Welcome to the first installment of The Self-Care Series! I’m excited to begin a year-long journey of empowering OMA members with self-care skills and habits. Our goal for this series is to provide you with simple, practical, and effective strategies that will help increase your capacity to fulfill your purpose in work and in life.
Mediation is a meaningful, rewarding, challenging, and demanding career. Your focus and attention are non-negotiable as you navigate tension, stress, and intense emotions. You are committed to and uphold the Core Standards of Mediation Practice. You assist people and organizations in resolving controversy and finding peace.
Your work is important, and the stakes are high.
Successful mediators are adept at maintaining focus and energy in high-pressure situations and have the ability to recover from stress, challenges, and setbacks. In other words, mediators need to be resilient.
When you are resilient you:
- Have a clear mind and calm response, even to difficult, stressful, or tragic events
- Approach life with hopefulness
- Make real connections to people and have deep and fulfilling relationships
- Do work that is fun, meaningful, and makes a contribution
If your focus, energy, and resilience are lagging, your effectiveness and success as a mediator is impaired. One of the best strategies for building resilience is to establish healthy self-care habits that address your physical, emotional, spiritual, and mental well-being.
Self-care is more than hitting the gym regularly, getting an occasional massage, or having a night out with friends to let off steam. Sure, these activities can all be part of a healthy lifestyle. But true self-care is deeper. True self-care matches your core values and personal needs with your everyday habits and routines.
Self-care is as much a mindset as it is a thing you do. You have to believe that prioritizing care for yourself is an essential (mindset), and you have to follow through by doing the things that nourish, energize, and rejuvenate you (habits and routines).
Scientists have proven that the body, mind, and spirit are connected, and they all need your care. There is a saying (attributed to many sources) that says, “The way you do anything is the way you do everything.” In the context of self-care, tending to any aspect of your well-being will benefit your whole self.
Nurturing Your Resilience with Self-Care
Passionate professionals dedicated to their work often push self-care to the bottom of their to-do list. This unhealthy tendency creates a vicious cycle that eventually turns into a downward spiral. You may experience mental and physical health issues, poor sleep, depression, disengagement, anger, anxiety, and burnout that impact your life well beyond your profession.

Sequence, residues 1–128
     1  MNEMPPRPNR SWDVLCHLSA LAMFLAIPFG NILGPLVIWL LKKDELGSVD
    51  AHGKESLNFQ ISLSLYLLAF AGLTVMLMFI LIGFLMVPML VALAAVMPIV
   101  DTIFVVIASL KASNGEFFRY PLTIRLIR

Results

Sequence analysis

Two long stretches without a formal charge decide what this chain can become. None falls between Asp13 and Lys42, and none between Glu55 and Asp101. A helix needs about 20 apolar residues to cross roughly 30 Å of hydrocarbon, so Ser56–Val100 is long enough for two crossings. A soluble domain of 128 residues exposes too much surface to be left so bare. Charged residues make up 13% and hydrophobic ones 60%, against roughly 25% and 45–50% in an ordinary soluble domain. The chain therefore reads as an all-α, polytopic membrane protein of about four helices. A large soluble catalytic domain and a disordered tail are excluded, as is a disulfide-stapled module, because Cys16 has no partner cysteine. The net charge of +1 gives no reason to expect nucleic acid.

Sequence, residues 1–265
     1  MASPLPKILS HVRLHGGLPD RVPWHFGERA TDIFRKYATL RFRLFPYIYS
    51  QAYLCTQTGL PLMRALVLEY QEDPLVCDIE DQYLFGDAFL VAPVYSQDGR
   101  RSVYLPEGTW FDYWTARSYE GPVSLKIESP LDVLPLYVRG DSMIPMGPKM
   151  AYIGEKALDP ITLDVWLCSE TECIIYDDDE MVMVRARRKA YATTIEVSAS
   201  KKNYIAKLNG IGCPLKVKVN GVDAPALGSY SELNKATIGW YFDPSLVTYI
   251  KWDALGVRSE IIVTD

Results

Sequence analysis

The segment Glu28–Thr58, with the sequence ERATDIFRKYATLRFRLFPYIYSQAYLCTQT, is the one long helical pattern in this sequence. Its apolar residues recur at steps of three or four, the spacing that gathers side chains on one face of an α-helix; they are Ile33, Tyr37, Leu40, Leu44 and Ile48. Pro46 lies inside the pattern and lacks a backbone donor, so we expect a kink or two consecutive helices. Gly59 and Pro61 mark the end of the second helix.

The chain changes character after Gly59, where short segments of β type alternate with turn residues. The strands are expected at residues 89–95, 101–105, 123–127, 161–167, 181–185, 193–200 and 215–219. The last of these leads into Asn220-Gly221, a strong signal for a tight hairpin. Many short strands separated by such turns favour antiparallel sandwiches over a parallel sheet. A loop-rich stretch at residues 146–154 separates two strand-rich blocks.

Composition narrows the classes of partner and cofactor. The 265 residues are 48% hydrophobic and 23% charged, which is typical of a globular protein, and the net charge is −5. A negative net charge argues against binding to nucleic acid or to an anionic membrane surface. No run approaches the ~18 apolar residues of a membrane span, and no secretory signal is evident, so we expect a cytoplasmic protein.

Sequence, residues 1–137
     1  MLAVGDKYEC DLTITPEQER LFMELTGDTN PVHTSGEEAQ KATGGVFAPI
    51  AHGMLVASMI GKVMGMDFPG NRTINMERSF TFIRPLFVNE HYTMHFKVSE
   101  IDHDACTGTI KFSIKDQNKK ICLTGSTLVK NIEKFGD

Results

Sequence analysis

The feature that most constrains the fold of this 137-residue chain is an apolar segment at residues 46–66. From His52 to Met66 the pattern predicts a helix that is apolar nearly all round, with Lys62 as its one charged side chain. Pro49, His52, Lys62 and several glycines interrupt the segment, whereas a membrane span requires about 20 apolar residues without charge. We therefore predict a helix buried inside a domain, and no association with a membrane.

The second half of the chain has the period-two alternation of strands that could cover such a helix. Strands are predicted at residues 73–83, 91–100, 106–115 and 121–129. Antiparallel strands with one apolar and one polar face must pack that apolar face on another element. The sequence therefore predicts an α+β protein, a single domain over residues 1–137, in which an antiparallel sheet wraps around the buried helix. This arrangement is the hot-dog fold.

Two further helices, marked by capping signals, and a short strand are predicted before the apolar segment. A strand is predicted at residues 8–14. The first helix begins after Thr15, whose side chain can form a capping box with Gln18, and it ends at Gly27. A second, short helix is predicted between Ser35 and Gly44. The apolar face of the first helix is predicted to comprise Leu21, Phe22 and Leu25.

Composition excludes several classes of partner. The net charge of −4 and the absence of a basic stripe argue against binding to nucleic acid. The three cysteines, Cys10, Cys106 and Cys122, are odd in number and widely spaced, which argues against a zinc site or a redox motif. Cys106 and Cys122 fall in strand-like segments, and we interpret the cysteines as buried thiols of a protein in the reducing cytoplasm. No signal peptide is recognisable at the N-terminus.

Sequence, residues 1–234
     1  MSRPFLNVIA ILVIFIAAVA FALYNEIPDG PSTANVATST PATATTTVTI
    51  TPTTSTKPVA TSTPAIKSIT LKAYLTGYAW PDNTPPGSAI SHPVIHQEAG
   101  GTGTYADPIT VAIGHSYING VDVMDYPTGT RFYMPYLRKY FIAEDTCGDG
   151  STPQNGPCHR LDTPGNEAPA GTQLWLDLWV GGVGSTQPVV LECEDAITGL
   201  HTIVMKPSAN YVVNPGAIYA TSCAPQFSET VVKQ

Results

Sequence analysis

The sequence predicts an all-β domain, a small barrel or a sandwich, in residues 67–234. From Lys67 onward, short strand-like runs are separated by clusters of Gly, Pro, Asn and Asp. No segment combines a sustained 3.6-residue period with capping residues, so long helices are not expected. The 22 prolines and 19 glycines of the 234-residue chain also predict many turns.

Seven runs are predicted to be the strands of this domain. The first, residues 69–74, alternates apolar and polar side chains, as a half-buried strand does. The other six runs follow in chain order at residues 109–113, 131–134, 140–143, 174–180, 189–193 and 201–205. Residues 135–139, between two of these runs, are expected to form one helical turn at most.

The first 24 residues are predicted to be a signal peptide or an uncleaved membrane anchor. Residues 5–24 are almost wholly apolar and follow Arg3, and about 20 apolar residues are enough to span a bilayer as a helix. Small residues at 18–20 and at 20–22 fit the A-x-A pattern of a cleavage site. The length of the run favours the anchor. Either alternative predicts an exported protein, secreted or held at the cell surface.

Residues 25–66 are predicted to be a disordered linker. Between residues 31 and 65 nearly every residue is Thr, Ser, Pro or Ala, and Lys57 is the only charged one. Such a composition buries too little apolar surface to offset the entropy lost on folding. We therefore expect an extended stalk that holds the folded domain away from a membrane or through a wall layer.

You can avoid the downward spiral or reverse its direction (if you’re already in it) by making self-care a priority. In the coming months, I’ll share simple habits and habit-change techniques to increase your resilience and overall well-being. We’ll talk about:
- Morning and evening routines
- Sitting in silence (aka meditation)
- Eating and sleeping habits
We’ll also learn how to stay accountable to your habits and how to make lifestyle changes that last (spoiler: willpower is not the answer).
A Self-Care Resolution
If you’re the kind of person who makes New Year’s resolutions, consider a commitment to self-care. Allow it to be a year-long (lifelong, really) pursuit that happens in small steps and incremental changes. That way you won’t “fail” by February and give up like 92% of all resolvers do.
It’s easy to make an intention or set a goal, but without structure it’s also easy to let your deep desire dissolve into a wish that never comes true. Give yourself a SMART goal – one that is Specific, Measurable, Attainable, Relevant and Timely. Get an accountability partner to help you succeed. Tell others about your commitment and you will be more likely to follow through.
What will be your self-care goal for 2019?
About the Author
Kirstin Pinit teaches the art of self-care through creative, engaging, and practical habit-change programs. She is a certified coach and yoga teacher and consults with cities, communities, companies, and groups on behavior-change programs and strategies. Learn more about her work at www.kirstinpinit.com.